At about this time every year, there are reports from coastal birders about sightings of large flocks of gulls (i.e. Bonaparte’s and Ring-billed Gulls) feeding on plankton (barnacle larvae).

     Among the observations noted from these large feeding flocks has been the act of dip-feeding from the surface and picking plankton while in flight. Birders have also mention the sudden disappearance of these feeding flocks from an area, where hundreds, if not thousands of gulls had just been moments before.

     It was my belief over the years that these gulls were more interested in the bait fish eating the plankton, rather than the plankton themselves. Why would a gull with a bill not adapted to feeding on microscopic prey bother with plankton, when it could eat the much larger bait fish gorging on the plankton?

     Does the sudden disappearance of hundreds of gulls coincide with sudden disappearance of floating plankton, or does it make more sense that the bait fish moved on?

I can't give you a definitive answer, but it is certainly the case that gull predation (including by Bonapartes gull) on planktonic crustaceans is documented in the lieratutre (see e.g. abstract below). Most gulls are opportunistic and will take whatever food they can get! While fish do comprise a large part of their diet I would expect that a high concentration of large planktonic species near the surface actually provides an easier meal to catch. Fish are faster moving and, being generalist predators and scavengers means that gulls lack the particular adaptations for fish predation by diving seen in some seabirds (e.g. auks, gannets).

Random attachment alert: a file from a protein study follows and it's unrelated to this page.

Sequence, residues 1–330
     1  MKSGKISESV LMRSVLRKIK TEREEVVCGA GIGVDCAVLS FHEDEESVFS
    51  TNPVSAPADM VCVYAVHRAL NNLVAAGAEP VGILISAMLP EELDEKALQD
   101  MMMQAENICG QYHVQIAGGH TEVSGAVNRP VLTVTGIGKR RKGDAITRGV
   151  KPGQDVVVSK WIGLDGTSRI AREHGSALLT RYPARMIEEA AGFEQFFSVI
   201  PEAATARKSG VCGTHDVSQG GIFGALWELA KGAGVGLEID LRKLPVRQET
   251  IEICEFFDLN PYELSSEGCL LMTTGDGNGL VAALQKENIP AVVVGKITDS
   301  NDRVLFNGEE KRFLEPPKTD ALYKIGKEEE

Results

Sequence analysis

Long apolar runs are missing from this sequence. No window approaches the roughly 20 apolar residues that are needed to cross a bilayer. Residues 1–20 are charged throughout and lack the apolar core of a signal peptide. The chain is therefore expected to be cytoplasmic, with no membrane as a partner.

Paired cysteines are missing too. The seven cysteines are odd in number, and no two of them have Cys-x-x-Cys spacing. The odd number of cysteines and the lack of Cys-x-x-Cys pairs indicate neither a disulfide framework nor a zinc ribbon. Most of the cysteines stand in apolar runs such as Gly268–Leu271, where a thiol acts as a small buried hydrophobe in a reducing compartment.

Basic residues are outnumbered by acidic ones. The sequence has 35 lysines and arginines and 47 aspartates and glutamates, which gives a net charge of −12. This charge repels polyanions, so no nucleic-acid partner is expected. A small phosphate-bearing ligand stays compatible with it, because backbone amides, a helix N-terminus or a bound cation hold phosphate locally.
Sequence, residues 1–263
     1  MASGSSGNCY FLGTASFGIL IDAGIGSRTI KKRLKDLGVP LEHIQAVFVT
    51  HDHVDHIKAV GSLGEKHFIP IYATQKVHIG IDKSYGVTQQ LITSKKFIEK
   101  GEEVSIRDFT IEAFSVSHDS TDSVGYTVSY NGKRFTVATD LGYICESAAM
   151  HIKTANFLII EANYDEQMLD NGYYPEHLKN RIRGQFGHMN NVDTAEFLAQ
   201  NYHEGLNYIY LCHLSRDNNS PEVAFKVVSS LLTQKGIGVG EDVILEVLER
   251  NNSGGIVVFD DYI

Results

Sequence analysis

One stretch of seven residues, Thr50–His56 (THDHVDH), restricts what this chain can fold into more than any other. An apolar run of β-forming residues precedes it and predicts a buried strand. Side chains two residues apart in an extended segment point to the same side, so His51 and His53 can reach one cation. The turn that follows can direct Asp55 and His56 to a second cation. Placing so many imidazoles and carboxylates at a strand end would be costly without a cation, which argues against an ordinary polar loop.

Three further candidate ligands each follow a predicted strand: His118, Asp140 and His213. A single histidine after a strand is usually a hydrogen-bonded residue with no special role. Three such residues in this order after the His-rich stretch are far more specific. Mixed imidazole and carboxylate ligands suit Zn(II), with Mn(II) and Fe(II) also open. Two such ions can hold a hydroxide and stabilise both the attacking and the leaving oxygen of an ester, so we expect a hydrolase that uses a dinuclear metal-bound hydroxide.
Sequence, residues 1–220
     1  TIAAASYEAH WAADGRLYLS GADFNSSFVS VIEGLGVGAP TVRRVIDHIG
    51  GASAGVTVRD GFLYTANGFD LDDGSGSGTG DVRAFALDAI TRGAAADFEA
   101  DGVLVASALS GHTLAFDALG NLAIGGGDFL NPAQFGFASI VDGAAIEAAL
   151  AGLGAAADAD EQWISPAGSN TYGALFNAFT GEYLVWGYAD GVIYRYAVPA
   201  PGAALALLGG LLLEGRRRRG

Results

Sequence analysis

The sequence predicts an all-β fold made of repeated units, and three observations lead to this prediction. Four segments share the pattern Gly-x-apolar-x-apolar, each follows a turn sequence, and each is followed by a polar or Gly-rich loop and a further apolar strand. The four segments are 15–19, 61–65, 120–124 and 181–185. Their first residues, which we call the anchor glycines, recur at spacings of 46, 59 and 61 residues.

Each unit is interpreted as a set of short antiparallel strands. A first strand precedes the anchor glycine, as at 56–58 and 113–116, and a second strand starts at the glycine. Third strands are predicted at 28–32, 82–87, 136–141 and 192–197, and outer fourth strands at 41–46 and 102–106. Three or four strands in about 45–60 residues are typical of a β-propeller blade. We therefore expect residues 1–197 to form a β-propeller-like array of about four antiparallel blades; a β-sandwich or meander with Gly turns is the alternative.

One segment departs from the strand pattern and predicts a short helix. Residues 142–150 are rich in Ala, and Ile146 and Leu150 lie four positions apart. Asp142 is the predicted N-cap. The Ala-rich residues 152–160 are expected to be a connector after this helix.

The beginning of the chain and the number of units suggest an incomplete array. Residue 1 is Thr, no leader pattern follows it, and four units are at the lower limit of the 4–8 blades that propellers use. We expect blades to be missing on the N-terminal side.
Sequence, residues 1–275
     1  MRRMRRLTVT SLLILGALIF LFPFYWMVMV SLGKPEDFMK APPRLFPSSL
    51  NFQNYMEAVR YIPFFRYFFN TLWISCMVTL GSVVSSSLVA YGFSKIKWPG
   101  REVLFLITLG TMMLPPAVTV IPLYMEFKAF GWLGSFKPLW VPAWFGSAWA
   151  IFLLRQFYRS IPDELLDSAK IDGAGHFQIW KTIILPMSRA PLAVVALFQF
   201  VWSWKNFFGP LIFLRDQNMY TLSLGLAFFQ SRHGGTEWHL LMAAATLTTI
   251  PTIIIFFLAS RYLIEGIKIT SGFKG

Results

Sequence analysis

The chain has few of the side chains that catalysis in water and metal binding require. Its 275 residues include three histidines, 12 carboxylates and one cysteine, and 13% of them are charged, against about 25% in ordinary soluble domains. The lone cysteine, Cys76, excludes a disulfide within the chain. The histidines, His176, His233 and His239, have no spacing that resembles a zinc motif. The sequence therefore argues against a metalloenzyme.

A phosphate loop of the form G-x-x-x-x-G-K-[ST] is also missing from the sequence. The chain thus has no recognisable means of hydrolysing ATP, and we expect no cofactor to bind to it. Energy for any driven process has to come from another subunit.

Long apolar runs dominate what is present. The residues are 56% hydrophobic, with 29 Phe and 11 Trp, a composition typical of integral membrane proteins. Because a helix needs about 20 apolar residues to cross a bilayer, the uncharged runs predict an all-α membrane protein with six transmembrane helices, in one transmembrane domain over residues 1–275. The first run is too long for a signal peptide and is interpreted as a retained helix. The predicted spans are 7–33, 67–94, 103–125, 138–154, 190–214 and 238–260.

J. Plankton Res. (1987) 9 (3): 483-501. doi: 10.1093/plankt/9.3.483

The relationship between plankton-feeding Bonaparte's and Mew Gulls and tidal upwelling at Active Pass, British Columbia

Kees Vermeer, Ildy Szabo and Paul Greisman


The food habits of Bonaparte's (Larus Philadelphia) and Mew Gulls (L. canus) were studied at Active Pass, British Columbia, in relation to upwelling of zooplankton. Bonaparte's Gulls fed mostly on planktonic crustaceans during September-November and again during April-May, while Mew Gulls foraged there chiefly in February and March. Both species ate predominantly the euphausiid, Thysanoessa raschii, in spring, while Bonaparte's Gulls fed mainly on the amphipods, Parathemisto pacifica and Calliopius laeviusculus, in fall. Year-round sampling of zooplankton and collection of temperature and salinity data showed gull numbers to correlate with times of maximum upwelling and abundance of zooplankton prey in surface waters. Outside the upwelling zone in Active Pass, Bonaparte's and Mew Gulls fed mostly on fishes and intertidal organisms, but also on zooplankton along tidelines.